Also, whatever your specialty, niche or USP (unique selling proposition) is, honor it. Don’t sell out, don’t hide it, don’t try to be something you’re not. Your competitors have their strengths and you have yours. Don’t be envious of the success of others. You don’t know what they did or had to go through to get it. Your journey is your own. Do the work.
Closed mouths don’t get fed
It goes without saying, communication is essential to a functional partnership (business owner to client, husband to wife). Despite living with someone day in and day out, you can’t assume they know what you want, need, like, think etc. In addition, you have to be able to effectively communicate the same; which is not much different than communicating with clients. Instead of guessing what your clients want, you can simply ask them. Guessing games, innuendos and silence can kill a business. Your communication needs to be clear, concise and frequent. Your clients need to hear from you, not just when you need or want something, but an exercise in genuine concern and thoughtfulness.
You can do it alone, but you don’t have to
I can’t tell you how important it is to know that you have someone on your team despite your failures, your mistakes and your flaws. I’m not talking about the “honey, how was your day” kind of support. I’m talking about the “shake it off, get your ass out of bed” type of support. The “cry your eyes out now, but tomorrow, you have to try it again” type of support. Entrepreneurs need that kind of support. Why? Because entrepreneurship can be a lonely exhausting journey. You have a vision and you are the only one who can drive that vision to fruition. Friends and family may not always understand or care about your trials and tribulations. You need someone who gets it, who gets YOU. No one will want that vision or dream more than you, but knowing someone is there to support your efforts is priceless. Having a shoulder, ear, arm or hand to offer support at your lowest low and highest high will be just what you need to continue on. See my list of 5 people you need your corner for a healthy business.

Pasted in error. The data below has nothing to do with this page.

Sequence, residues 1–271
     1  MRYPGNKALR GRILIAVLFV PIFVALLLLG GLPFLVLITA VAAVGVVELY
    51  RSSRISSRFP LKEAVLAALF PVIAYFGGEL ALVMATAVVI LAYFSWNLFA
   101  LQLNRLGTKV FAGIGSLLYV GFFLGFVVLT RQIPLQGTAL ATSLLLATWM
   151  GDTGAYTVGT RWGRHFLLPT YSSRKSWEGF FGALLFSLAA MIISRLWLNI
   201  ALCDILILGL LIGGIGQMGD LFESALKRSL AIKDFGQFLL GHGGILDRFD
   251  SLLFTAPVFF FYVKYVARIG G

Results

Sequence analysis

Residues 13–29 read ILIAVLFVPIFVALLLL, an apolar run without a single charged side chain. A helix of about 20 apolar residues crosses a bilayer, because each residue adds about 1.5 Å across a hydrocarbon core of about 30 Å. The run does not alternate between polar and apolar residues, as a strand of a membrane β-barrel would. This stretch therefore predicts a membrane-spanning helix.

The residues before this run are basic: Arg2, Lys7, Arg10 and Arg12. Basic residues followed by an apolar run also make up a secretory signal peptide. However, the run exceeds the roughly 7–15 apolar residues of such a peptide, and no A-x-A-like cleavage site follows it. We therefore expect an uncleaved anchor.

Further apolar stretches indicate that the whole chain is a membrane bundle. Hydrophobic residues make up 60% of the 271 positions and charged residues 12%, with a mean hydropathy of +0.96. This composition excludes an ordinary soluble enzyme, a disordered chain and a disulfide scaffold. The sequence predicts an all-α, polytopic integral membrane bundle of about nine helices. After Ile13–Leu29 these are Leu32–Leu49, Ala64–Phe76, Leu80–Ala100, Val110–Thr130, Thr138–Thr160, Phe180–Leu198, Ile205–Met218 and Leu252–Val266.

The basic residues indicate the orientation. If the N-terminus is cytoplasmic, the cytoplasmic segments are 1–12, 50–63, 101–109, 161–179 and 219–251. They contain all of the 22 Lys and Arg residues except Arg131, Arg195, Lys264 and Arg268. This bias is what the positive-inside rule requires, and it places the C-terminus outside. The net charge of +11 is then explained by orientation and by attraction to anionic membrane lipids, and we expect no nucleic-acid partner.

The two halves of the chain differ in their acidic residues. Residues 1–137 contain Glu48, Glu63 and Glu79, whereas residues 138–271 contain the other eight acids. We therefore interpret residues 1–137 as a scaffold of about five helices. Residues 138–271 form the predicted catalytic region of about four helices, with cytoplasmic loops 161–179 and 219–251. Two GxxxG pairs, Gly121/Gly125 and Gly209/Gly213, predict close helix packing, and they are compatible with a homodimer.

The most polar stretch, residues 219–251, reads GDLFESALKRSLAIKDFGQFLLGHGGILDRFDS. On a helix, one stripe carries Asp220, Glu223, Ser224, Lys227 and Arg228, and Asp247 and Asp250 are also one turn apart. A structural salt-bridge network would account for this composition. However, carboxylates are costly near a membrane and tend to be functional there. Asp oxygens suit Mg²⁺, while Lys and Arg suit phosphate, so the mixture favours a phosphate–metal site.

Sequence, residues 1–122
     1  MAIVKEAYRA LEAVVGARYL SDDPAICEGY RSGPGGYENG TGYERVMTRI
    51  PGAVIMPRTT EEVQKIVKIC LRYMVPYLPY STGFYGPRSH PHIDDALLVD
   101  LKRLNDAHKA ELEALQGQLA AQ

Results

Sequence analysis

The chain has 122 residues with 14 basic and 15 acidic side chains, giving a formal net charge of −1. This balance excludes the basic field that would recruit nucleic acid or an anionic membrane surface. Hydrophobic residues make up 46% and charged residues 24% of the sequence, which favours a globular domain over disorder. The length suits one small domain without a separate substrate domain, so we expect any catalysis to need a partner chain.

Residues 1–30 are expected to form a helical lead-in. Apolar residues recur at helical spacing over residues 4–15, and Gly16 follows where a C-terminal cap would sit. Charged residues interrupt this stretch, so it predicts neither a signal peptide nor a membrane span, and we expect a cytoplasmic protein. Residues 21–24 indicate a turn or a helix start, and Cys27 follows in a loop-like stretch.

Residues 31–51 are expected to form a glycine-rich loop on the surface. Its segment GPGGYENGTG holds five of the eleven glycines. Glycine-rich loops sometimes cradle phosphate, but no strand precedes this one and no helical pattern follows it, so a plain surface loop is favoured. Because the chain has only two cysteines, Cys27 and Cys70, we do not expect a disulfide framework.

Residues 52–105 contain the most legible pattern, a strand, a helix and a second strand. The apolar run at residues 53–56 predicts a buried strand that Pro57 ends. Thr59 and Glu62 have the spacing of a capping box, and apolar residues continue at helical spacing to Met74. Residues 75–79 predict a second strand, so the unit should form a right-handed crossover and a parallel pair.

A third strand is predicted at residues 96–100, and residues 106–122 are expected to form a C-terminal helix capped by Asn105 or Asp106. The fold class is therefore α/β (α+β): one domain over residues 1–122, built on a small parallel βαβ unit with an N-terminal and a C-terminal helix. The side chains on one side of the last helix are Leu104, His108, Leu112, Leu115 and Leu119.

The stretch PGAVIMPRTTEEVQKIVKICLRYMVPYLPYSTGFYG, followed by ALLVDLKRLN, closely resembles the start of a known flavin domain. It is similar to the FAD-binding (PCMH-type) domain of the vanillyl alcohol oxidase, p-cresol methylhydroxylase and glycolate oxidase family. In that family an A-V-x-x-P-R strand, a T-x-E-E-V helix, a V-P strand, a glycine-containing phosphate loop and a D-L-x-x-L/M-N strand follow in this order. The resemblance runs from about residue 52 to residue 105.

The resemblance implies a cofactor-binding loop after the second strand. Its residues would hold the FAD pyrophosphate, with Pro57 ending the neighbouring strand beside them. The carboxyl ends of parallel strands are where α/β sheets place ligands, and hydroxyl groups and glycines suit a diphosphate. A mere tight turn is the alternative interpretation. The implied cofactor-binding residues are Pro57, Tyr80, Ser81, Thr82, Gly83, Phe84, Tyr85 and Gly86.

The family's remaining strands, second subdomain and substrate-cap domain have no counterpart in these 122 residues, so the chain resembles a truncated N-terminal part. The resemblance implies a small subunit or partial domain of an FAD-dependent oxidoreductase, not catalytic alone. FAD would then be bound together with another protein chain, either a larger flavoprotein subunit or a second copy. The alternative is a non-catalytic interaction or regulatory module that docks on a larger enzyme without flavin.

There is value in your name
Your brand is your name. You are not your product/service, but your product/service is you. It speaks to who you are. It is what you have to offer the world. Don’t besmirch it with poor service, poor products, broken promises, haphazard policies, etc. How you care for your brand will determine the value it has and whether or not people will trust your product/service.
Be careful whom you invite into your family. Their actions reflect your brand. Be accountable for yourself, your staff, your suppliers, your vendors, anyone who is an extension of your business because in the clients’ eye, the buck stops with YOU.
You need an exit plan
After 25 years together, our exit plan is simple… ride this train till the wheels fall off or we run out of tracks. The business lesson? Enjoy the journey for what it is, a journey. If you know where you want to get off, great. Pack accordingly. If you’re along for the ride, be sure to take in the view and bring someone you love with you.
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Simplicity expert and Micro Business Therapist™ A.Michelle Blakeley is the curator of the online magazine, Micro Business Therapy. She helps new and seasoned entrepreneurs align their purpose, principles, priorities and practices for accelerated growth. Minding the gap between your personal and professional life™ Connect with her on Twitter at @simplicityinc